U.N. Cuts Off Indian Diplomat Criticizing China, Blames ‘Mic Failure’

Chinese President Xi Jinping vote at the closing of the 19th Communist Party Congress at the Great Hall of the People on October 24, 2017 in Beijing, China. (Lintao Zhang/Getty Images)
Lintao Zhang/Getty Images

An Indian diplomat’s microphone conspicuously cut out during a United Nations (U.N.) transport conference in Beijing last week just as the envoy began to criticize China’s infrastructure-building Belt and Road Initiative (BRI), the Press Trust of India (PTI) reported Wednesday.

Priyanka Sohoni, the second secretary of the Indian Embassy in Beijing, had just begun speaking at the U.N. Global Sustainable Transport Conference on October 16 when her microphone suffered a mysterious malfunction that temporarily muted her speech. Sohoni had been voicing New Delhi’s opposition to Beijing’s BRI projects in foreign countries when her microphone stopped working. Moments later, an introductory video for the next scheduled speaker began to play on a screen behind Sohoni, further interrupting her time on the conference stage.

“We are confronting some technical problems and played the video of the next speaker. I am sorry for that and asked Sohoni to resume her speech,” the summit’s co-chair, U.N. Under-Secretary-General for Economic and Social Affairs Liu Zhenmin — who also previously served as China’s foreign minister — announced shortly afterward.

“You are lucky … You are back and welcome back,” Liu told Sohoni before allowing the diplomat to resume her speech.

Without missing a beat, Sohoni launched back into her unforgiving analysis of China’s BRI scheme.

“We share the international community’s desire for enhancing physical connectivity and believe it should bring greater economic benefits to all in an equitable and balanced manner,” the envoy said.

“Expansion and strengthening of physical connectivity is an integral part of India’s economic and diplomatic initiatives,” she continued.

“There have been some references to the Belt and Road Initiative or BRI at this conference. Here, I wish to say that as far as China’s BRI is concerned, we are uniquely affected by it,” the official noted.

Sohoni said the BRI’s flagship project in Pakistan, “the so-called China Pakistan Economic Corridor (CPEC) … impinges on India’s sovereignty.”

Elaborating, New Delhi’s representative implied that CPEC demonstrates a blatant disregard for India’s “core concerns on sovereignty and territorial integrity.”

Passengers ride in a newly built Orange Line Metro Train (OLMT), a metro project planned under the China-Pakistan Economic Corridor (CPEC), a day after an official opening in the eastern city of Lahore on October 26, 2020. (Arif Ali/AFP via Getty Images)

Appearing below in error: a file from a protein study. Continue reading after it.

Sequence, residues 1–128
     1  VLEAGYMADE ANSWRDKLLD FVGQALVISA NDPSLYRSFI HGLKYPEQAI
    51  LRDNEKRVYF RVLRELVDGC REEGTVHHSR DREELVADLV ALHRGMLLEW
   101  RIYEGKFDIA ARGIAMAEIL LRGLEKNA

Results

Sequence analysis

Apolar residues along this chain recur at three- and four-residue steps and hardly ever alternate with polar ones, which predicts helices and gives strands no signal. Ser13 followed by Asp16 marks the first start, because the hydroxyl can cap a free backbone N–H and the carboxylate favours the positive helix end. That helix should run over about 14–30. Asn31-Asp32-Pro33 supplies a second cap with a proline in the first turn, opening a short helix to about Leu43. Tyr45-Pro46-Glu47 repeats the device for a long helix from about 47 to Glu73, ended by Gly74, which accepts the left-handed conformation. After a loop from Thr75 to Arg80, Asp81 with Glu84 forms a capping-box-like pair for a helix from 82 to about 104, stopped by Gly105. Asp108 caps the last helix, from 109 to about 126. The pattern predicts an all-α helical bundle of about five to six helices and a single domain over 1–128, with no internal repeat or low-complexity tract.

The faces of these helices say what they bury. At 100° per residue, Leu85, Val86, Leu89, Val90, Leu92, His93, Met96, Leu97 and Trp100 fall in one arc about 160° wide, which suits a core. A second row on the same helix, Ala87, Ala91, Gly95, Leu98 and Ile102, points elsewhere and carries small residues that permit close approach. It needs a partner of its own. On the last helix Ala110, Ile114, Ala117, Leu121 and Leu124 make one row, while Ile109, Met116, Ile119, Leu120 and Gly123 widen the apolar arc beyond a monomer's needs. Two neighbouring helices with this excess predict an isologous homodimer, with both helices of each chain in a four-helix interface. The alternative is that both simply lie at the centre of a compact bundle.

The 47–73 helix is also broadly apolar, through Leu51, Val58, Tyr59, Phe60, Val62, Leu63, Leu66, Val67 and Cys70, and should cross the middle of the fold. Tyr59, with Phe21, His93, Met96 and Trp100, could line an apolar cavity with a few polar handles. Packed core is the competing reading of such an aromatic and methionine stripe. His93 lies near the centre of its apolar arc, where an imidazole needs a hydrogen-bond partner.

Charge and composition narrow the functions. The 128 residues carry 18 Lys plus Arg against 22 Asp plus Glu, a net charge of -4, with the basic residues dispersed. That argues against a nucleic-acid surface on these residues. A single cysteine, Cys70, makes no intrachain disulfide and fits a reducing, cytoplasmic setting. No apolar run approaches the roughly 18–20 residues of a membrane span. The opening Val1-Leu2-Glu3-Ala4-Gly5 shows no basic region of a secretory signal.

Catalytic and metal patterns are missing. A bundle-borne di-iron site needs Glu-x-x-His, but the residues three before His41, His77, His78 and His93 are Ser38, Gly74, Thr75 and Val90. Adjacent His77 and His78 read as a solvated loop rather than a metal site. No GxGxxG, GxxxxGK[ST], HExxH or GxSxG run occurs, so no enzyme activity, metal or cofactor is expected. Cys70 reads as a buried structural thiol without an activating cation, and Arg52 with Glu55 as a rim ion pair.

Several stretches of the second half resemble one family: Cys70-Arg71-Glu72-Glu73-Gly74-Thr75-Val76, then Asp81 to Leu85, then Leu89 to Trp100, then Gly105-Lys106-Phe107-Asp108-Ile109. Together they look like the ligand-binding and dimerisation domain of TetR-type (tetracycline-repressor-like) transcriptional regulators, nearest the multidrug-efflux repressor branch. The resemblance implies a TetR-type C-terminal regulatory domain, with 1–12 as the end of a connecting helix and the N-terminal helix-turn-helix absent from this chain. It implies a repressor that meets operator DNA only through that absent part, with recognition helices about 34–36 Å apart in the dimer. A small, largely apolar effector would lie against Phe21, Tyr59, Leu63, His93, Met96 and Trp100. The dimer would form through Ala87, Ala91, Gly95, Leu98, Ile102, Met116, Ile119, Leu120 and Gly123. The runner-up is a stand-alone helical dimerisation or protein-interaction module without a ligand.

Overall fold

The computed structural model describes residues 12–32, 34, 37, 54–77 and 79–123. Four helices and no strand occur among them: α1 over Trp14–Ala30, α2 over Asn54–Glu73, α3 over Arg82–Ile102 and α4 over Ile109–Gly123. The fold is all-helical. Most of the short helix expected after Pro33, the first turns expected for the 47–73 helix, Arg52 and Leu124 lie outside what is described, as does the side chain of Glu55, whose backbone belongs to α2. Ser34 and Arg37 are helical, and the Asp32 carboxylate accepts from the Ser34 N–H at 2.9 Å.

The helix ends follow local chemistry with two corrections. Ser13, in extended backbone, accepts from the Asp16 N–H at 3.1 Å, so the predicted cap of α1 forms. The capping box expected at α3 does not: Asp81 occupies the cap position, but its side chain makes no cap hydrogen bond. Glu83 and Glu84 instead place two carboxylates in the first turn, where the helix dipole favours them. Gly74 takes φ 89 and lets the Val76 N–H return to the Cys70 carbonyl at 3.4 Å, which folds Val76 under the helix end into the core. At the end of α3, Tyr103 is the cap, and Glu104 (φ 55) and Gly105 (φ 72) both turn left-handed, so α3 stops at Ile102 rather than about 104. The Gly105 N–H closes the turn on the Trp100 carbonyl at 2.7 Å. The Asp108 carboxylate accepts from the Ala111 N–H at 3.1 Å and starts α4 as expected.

Passengers ride in a newly built Orange Line Metro Train (OLMT), a metro project planned under the China-Pakistan Economic Corridor (CPEC), a day after an official opening in the eastern city of Lahore on October 26, 2020. (Arif Ali/AFP via Getty Images)

“This aside there are also larger issues regarding how connectivity initiatives should be pursued,” she added. “We are of the firm belief that connectivity initiatives must be based on universally recognized international norms.”

“They must follow principles of openness, transparency, and financial responsibility and be pursued in a manner that respects sovereignty, equality, and territorial integrity of nations,” Sohoni stated.

China’s BRI ostensibly allows China to support infrastructure expansion in developing nations worldwide. The projects are often based on dubious loan structures, however, that imprison host countries inside of a Beijing-controlled debt trap.

In Pakistan, China has embarked upon an ambitious and yet unfinished BRI endeavor known as CPEC. The $60 billion project centers upon Pakistan’s mineral-rich Balochistan province, which strategically borders Iran, Afghanistan, and the Arabian Sea. One of CPEC’s objectives is to link Balochistan with China’s westernmost Xinjiang province, which also borders Afghanistan.

“India has been vocally objecting to China over the CPEC as it is being laid through the Pakistan Occupied Kashmir (PoK),” PTI noted on October 20.

India, Pakistan, and China all dispute parts of Kashmir, a hotly contested region linking all three countries. New Delhi claims Pakistan has illegally occupied certain sections of Kashmir and consistently objects to Islamabad’s infrastructure projects in this area, which it calls Pakistan-occupied Kashmir (PoK).

Kashmiri Bakarwal walks as Indian army soldier guard on top one the vehicle part of convoy move on Srinagar Ladakh key highway at Gagangeer 76 Kilometers north-east from Srinagar, India, Wednesday, June. 17, 2020. (AP Photo/Mukhtar Khan)

People walk as Indian army soldiers move as a convoy to Srinagar, Indian-controlled Kashmir, June. 17, 2020. (AP Photo/Mukhtar Khan)

Islamabad, in May 2020, signed a $5.8 billion contract with Beijing to construct the Diamer-Bhasha Dam in Gilgit-Baltistan, which is located in the disputed PoK. The venture forms part of the greater CPEC initiative.

India’s Ministry of External Affairs responded to the proposed dam construction on May 14, 2020, stating:

Our position is consistent and clear that entire territory of the [Indian] Union Territories of Jammu and Kashmir and Ladakh have been, are, and will continue to be integral and inalienable part[s] of India. We have consistently conveyed our protests and shared concerns with both Pakistan and China on all such projects in the Indian territories under Pakistan’s illegal occupation.

International law bars China from building any new structures in the PoK, which is officially administered by the Indian state. The U.N. formally acknowledges the territory as Indian land.

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